I remember this morning. I went to my work as usual, to the office, and my friend from the news agency she called me and asked me, "Did you hear that President Kuchma was actually involved in the Georgy Gongadze case and that some kind of tapes were made in the presidential office?" I was so surprised. It was incredible at that moment, even to believe in this. And just that evening when I heard those tapes -- you know, after we found Georgy's body -- I thought that nothing can shock me in my lifetime.
What did you do then?
It was a huge shock for me and for all the people who saw those tapes, who listened to those tapes. We put all those tapes [transcripts] on our Web site, and the next day, we had twice as many readers than before. Day after that, we had twice as many readers than we had before. Readers it seems to me all around the world who read those tapes were shocked.
What happened after that?
People understood they should do something. There were actually thousands, even hundreds of thousands of people who came into the streets. They wanted Kuchma's resignation, and they wanted to know who killed Georgy Gongadze. But Kuchma was still very strong, so the opposition, the demonstrations, just stopped. But I believe now, and everybody would say now, it was the first stage of the revolution. It was the first test for the opposition. It was the first test for Ukrainian people. But a lot of people just felt empathy, they didn't believe that they could change something in their life. And, it seems to me just maybe two months before the Ukrainian election 2004, nobody would say that people would actually come to the street to fight for their rights.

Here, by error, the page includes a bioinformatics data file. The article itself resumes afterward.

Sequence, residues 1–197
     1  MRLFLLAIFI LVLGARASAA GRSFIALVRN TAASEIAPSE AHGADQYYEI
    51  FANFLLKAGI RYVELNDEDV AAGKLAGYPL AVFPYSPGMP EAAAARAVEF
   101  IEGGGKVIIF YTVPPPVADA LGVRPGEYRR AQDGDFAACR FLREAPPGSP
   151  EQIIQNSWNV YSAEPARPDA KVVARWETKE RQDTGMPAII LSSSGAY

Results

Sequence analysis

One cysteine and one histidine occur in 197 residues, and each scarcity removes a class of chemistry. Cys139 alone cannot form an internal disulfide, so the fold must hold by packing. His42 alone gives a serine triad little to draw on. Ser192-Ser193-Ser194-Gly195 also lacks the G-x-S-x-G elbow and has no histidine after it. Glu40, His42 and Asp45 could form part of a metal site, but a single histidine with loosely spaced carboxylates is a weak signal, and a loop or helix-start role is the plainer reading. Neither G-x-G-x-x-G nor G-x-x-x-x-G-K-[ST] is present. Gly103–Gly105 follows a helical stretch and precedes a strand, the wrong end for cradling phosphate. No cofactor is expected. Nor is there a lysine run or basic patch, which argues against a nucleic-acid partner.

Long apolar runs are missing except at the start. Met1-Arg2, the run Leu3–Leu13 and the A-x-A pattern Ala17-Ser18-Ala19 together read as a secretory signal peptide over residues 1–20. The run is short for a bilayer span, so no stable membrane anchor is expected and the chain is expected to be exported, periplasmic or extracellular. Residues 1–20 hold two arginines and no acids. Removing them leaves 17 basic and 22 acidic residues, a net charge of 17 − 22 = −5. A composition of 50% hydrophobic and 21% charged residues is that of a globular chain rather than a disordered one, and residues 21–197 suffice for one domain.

Many people in America think the revolution pretty much solved all the problems in Ukraine and that things are perfect now. Is that true?
Actually, the revolution solved only one problem for us -- now we understand that we are Ukrainian people. Now we understand that we can change everything in our life. Now we understand that our vote actually means something. And that's a lot. We changed our leadership. We, for the first time, believed our government. We, for the first time, have some kind of hopes, and for the first time, we can control and ask for a new government. It's already a lot. But we have so many tasks ahead, and it's so difficult to implement.
We have seen a lot of headlines recently: "Orange Revolution Falling Apart," "Turmoil in Ukraine." Our viewers want to know, has the turmoil been the end of the Orange Revolution?
[Editor's Note: In September of this year, Ukraine experienced its greatest turmoil since the Orange Revolution of a year ago. President Viktor Yushchenko fired many members of his government -- including popular Orange Revolution partners like the colorful Prime Minister Yulia Tymoshenko -- because of political infighting.]
This is just normal life in a democratic country, where people disagree with each other and people split. People here are now saying that it is very easy for politicians to make a revolution together, but it is very difficult to build democracy or to build a country together. So I don't see something dangerous happening in Ukraine right now, it seems to me just a normal democratic process.